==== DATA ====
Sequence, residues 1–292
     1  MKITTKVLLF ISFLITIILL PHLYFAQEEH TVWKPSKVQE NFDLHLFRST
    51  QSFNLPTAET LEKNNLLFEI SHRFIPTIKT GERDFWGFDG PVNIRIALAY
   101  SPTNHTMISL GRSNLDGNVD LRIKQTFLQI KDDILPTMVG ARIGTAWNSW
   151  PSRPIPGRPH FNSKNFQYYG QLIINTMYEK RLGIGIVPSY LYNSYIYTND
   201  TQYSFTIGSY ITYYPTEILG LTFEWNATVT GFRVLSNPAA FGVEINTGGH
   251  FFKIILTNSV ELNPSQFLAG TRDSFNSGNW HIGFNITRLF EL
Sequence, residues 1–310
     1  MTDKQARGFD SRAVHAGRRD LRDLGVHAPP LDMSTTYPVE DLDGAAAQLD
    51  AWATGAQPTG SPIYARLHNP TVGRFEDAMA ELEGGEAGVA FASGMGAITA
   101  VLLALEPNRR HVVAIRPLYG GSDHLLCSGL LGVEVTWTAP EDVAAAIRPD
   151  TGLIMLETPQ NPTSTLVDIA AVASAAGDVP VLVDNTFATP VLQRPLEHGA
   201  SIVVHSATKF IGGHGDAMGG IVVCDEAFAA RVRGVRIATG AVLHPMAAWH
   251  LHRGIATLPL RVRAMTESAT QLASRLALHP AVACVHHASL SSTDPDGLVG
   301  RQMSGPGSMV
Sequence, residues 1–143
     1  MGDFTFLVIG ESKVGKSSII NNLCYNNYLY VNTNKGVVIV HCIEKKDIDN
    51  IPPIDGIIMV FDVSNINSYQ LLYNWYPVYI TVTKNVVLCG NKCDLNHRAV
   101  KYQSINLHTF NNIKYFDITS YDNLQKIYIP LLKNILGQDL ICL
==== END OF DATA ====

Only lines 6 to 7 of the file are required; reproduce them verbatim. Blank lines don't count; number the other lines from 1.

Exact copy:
   201  TQYSFTIGSY ITYYPTEILG LTFEWNATVT GFRVLSNPAA FGVEINTGGH
   251  FFKIILTNSV ELNPSQFLAG TRDSFNSGNW HIGFNITRLF EL